When Ted Durcan retired from the saddle four years ago at the age of 44, he had been champion jockey in the UAE on seven occasions and partnered around 1,500 winners worldwide, including Light Shift for Sir Henry Cecil in the 2007 Oaks and Mastery for Godolphin in the 2009 St Leger. He already had a close working relationship with Newmarket trainer Sir Michael Stoute, which continues to this day, and he also rides out for William Haggas. The Irishman is now using his considerable experience to help the next generation of riders as a jockey coach while also building up his thriving Durcan Bloodstock business. Happiest when busy, he is a man of many parts.

The thing I am most proud of from my time as a jockey is that I ended up riding for most of the trainers who had been my idols when I was growing up as a racing nut at boarding school. My achievements in the saddle were modest and nobody needs to tell me I wasn’t the most natural jockey, so I know how lucky I was to ride two Classic winners. They were lovely moments, and being leading rider in the UAE was a  huge kick too, but with hindsight riding winners for idols like John Dunlop, Geoff Wragg, the Easterbys [Mick and Tim], Sir Henry Cecil, Sir Michael Stoute and many more is something I’m particularly proud of.

Racing is a way of life and so when my riding days were coming to a close I wanted to get into something else that would keep me involved in the sport and keep me interested. Plenty of areas were easy to rule out, but bloodstock was something I’d become increasingly interested in as time went on. Like most riders, I was too busy and focused in my early years to appreciate the importance of families and pedigrees, but my interest grew, and I was lucky enough to ride for some of the top owner-breeders like Godolphin and the Niarchos family.

I spent a lot of winters in the Middle East and people there would often ask me to look out for horses for them, especially older horses. I made a lot of contacts and buying horses in training for them is a big part of my business. I still buy a lot of older horses for Saudi Arabia and Dubai, but I’m also supported now by a lot of trainers in England and Ireland. Owners have increasingly been more than happy for me to source their yearlings, breeze-up horses and breeding stock, and I must have bought 75 to 80 horses in the second half of last year. I find it mindblowing how resilient the bloodstock industry has been with all that has been going on. It just shows that the racing world is made up of very brave people who are happy to put their money where their mouth is and press on.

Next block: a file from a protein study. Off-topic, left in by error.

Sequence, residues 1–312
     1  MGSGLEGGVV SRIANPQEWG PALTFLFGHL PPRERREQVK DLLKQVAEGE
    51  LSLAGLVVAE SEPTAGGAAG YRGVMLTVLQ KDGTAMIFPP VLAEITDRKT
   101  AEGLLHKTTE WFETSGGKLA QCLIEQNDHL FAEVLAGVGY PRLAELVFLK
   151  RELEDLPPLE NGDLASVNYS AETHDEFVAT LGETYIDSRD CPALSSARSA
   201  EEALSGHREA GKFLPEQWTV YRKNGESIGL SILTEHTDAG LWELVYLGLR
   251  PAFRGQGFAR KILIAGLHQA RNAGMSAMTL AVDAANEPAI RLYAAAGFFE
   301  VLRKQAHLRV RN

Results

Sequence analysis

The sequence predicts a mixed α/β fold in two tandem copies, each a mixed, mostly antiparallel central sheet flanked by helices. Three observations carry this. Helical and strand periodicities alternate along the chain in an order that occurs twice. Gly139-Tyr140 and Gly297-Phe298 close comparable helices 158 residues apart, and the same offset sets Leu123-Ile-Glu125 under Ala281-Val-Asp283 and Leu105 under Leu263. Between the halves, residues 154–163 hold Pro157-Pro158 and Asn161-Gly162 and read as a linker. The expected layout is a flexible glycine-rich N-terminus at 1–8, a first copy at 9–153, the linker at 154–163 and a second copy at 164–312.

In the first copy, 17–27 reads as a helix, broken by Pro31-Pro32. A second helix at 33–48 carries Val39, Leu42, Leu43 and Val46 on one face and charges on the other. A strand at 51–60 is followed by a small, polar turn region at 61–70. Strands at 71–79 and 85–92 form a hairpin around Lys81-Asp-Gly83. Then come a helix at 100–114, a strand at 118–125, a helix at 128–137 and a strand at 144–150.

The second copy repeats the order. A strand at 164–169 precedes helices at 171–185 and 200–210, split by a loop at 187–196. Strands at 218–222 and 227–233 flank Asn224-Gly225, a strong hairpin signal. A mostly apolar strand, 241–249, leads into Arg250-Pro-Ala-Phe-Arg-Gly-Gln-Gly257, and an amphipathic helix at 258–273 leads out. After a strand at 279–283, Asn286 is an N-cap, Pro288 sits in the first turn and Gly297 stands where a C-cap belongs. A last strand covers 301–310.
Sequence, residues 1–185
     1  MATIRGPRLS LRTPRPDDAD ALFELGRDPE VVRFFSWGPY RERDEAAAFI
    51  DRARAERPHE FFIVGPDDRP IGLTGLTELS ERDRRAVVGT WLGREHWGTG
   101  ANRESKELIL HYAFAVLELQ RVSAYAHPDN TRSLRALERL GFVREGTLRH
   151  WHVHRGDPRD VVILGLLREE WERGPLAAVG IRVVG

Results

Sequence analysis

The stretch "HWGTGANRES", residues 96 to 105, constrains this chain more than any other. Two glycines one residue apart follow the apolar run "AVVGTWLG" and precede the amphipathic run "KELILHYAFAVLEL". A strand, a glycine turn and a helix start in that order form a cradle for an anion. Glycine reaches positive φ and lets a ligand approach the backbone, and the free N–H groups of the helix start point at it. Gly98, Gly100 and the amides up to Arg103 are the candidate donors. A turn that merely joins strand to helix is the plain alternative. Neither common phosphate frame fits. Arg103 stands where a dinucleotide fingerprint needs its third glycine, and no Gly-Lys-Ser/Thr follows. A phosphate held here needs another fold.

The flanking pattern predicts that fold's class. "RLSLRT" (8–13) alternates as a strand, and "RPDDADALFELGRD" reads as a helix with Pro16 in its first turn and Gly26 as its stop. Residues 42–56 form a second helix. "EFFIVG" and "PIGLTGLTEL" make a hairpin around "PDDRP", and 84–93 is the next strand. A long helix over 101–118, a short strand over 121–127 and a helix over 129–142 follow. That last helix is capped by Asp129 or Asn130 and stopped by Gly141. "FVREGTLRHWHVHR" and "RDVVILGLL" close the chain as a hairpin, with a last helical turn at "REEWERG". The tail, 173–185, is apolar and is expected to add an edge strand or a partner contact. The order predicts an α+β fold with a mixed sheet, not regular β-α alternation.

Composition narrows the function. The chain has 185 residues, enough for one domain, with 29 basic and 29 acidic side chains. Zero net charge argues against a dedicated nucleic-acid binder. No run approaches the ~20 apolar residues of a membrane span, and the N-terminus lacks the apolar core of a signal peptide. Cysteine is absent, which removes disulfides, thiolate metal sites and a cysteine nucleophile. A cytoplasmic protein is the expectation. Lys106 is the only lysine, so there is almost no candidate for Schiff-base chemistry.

While Dubai has led the way for racing in the Middle East there’s no question that Bahrain, Qatar and Saudi Arabia have all massively upped the ante in recent years. The amenities and facilities, especially for the horses, are absolutely first class now, and it’s also easier to travel horses, so owners are a lot more open to it now. I used to ride now and again in Riyadh but when I went out there for the first Saudi Cup in 2020 it was my first time there in five years or so – I was amazed at the transformation. I was back again in February and the progress made there, and elsewhere in the Middle East, with first-class turf and dirt tracks, is extraordinary.

I have been helping out at Sir Michael Stoute’s for a number of years and I’ve ridden a lot of work for him. I now also do the same sort of thing for William Haggas, although I’ve become a bit of a fair-weather work rider! I hibernate through the worst of the winter, but once things get going, I’m riding out five or six mornings a week. I only go racing when I have a reason to, as since I retired I’ve found it can be awkward at the races without a purpose, but I love being involved with those nicer horses. Riding work also keeps me very fit.

I qualified a few years ago as a jockey coach and it’s another thing I enjoy. I’d be up to speed on the form, and I watch a hell of a lot of racing, so I don’t find it hard work at all speaking to young jockeys before and after they’ve ridden about different courses, how races might be run, and so  on. I helped Adam Farragher come over from Ireland to join Mr Haggas, and people like him are a pleasure to deal with. He’s an unbelievably hard worker and a very smart guy.

I’m aware of the whip consultation and project that’s going on at the moment, but I’m glad I’m not directly involved. It’s a difficult one, and it will be impossible to please everyone. If I was still riding, I would find it very hard to accept horses being disqualified for whip contraventions, but I totally understand why the ‘win at all costs and then accept the ban afterwards’ mentality isn’t right either. Horse welfare is a hugely important area – we have to find a happy medium.

We were always very friendly with Pat Smullen and his wife Frances, so I approached Newmarket a year ago about sponsoring a race in Pat’s memory. They couldn’t have been more helpful, so we are looking forward to doing it again at the Craven meeting, and hoping that Frances will be able to come over this time. It isn’t much, and Pat wasn’t going to be forgotten in a hurry anyway, but he was always very popular when he came over here to ride. It’s hopefully a nice way to remember him.